County: King County
EDGE Professional Development Program 2005
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Award Recipient 2005, 2008, 2013
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Timea Tihanyi received her MFA in ceramics from the University of Washington, and is an active studio artist and a lecturer in the School of Art at the UW. She is a sculptor, working mainly with porcelain using slipcasting with a combination of carving, polishing, and some applications of stains and glazes for surface treatment. She holds a BFA from the Massachusetts College of Art and a medical degree from her native Hungary. Her work has been shown at 4Culture, Soil, CoCA, Davidson Contemporary Galleries in Seattle; Bellevue Arts Museum, Society for Contemporary Craft, Pittsburgh, International Museum of Surgical Science, Chicago, and UC Art gallery in Montana. Timea participated in ceramics residencies at the EKWC, The Netherlands, in Denmark, and at the Kohler Co. Timea won a 2008 PONCHO Artistic Merit Award, plus her work was shown at the International Museum of Surgical Science in Chicago.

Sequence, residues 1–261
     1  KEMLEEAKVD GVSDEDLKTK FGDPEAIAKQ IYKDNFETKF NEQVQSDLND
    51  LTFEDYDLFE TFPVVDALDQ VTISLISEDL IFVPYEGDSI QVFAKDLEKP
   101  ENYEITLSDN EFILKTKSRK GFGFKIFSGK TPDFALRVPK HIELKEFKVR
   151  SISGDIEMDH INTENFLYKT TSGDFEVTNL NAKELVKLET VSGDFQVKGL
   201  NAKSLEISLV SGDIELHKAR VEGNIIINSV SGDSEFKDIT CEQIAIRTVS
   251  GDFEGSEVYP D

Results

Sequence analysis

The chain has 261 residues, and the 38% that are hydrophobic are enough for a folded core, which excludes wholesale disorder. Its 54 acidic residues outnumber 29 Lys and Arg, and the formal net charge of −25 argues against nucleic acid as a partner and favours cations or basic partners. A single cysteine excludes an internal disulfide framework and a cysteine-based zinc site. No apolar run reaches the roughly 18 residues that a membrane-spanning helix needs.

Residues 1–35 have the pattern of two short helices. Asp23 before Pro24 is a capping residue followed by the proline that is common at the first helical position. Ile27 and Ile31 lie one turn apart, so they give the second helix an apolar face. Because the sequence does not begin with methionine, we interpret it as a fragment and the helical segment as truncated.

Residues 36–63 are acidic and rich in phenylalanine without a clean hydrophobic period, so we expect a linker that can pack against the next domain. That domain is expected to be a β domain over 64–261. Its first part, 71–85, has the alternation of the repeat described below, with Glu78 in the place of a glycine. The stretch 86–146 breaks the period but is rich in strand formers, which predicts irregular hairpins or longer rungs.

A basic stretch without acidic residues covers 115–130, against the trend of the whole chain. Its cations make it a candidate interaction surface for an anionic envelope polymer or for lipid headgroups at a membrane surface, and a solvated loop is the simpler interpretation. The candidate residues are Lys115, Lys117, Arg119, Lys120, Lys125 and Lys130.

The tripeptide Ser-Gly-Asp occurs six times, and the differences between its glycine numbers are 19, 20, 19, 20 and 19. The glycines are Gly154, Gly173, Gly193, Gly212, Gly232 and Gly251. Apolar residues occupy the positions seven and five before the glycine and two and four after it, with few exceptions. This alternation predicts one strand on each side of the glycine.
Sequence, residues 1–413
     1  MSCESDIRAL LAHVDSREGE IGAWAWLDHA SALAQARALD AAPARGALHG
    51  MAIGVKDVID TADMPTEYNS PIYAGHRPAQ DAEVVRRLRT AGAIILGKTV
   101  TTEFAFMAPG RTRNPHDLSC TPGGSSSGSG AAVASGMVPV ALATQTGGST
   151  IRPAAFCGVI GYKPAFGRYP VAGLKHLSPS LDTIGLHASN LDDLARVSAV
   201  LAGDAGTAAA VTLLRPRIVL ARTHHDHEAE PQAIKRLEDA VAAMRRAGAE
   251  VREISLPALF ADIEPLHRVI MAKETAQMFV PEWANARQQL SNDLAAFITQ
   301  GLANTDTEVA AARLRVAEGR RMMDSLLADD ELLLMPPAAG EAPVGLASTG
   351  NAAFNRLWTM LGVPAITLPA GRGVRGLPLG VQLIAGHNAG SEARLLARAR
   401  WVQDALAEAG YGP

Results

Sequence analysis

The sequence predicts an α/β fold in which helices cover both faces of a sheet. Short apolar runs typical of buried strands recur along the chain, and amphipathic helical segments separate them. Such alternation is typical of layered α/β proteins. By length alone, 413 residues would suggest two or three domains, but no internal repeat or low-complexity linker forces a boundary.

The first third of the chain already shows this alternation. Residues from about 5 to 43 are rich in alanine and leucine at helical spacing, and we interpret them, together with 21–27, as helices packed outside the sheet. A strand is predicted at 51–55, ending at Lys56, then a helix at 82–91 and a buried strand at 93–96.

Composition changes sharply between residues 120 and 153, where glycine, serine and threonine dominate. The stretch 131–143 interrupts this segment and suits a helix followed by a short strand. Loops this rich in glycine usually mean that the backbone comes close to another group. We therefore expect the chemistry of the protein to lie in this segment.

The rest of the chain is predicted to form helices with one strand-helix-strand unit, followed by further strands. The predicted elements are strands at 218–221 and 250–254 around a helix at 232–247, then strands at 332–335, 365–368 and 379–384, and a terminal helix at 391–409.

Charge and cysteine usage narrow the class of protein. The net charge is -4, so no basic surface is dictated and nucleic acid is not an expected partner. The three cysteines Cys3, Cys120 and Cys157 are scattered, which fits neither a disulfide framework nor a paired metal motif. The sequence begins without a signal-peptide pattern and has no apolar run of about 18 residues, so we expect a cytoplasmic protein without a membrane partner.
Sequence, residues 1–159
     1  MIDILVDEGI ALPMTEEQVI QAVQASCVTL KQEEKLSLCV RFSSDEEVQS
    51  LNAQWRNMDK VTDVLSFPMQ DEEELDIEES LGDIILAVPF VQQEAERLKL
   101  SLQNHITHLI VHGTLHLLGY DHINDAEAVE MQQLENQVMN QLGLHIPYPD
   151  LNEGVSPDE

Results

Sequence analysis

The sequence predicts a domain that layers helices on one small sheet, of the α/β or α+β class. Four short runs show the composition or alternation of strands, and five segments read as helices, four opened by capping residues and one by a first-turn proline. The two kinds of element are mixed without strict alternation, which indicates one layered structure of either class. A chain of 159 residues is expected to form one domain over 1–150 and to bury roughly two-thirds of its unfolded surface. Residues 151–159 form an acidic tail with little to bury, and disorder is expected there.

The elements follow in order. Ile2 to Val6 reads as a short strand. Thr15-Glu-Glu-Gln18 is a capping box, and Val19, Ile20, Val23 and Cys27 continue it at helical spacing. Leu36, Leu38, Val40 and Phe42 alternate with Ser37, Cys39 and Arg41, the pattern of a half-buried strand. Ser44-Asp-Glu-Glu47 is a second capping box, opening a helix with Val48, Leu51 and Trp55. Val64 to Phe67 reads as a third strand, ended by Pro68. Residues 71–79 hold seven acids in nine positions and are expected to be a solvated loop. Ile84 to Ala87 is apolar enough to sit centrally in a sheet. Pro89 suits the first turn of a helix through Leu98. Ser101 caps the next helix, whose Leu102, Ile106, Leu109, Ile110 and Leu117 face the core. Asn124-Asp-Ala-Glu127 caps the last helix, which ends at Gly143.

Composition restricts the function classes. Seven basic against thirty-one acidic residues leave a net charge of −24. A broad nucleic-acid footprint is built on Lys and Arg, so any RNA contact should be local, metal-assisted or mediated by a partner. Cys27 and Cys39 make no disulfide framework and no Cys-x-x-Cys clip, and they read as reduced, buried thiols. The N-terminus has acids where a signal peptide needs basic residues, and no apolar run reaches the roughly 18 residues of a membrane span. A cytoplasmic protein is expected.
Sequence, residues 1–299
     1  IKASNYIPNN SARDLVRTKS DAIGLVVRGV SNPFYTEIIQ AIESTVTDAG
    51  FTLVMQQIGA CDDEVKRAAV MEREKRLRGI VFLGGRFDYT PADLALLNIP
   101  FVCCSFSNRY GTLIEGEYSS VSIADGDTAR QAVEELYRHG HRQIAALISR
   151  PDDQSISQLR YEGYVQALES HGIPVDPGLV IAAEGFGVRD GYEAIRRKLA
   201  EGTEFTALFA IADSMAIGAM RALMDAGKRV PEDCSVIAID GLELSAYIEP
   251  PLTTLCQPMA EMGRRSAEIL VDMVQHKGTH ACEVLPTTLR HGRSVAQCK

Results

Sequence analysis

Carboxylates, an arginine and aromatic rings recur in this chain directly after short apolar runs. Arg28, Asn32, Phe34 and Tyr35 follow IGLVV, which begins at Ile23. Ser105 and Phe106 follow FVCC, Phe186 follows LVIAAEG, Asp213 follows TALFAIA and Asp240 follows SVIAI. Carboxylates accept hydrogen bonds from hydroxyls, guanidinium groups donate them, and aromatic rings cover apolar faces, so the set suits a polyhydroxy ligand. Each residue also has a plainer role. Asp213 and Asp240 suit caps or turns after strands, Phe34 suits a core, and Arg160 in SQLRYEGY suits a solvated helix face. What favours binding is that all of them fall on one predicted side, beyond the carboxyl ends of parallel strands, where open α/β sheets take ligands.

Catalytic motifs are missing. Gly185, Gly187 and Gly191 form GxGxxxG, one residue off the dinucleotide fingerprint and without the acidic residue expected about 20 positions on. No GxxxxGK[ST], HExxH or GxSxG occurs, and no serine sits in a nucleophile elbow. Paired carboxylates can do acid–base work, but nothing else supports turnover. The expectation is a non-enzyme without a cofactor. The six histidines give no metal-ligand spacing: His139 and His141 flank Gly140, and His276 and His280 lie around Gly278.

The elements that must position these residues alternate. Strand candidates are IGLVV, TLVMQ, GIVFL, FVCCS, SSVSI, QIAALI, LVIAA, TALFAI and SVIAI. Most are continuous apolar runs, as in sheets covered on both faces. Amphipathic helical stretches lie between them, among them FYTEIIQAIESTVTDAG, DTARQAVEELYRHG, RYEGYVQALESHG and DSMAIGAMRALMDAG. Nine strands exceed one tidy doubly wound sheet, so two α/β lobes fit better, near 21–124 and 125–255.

Timea received 2013 GAP Award funding to support the installation of proper studio ventilation and the purchase of studio equipment for safely mixing, applying, and disposing of ceramic materials, glazes and pigments.
Timea received 2008 GAP Award funding to defer the costs of shipping and installation at the Chicago International Museum of Surgical Science in May 2008. The exhibition, entitled Two New Space, One Old Body, ran from May through July. Timea exhibited several old works from 2007 in addition to new work using the process of angiography: a medical imaging technique used to visualize blood vessels and the heart. Having been trained in medicine, her art-making process is a tightrope walk between analytical, scientific objectivity and subjective, visceral experience.
Timea received 2005 GAP Award funding to help defray the costs of a 23” electric kiln equipped with digital controller and accompanying shelves and ventilation. The kiln assists an ongoing series of large porcelain and mixed-media sculptures, In-Between Spaces. Fragile constructions that reference the intertwined relationship between the body and its place of rest, her new sculptural works were part of an exhibition in January 2006 at Green River Community College.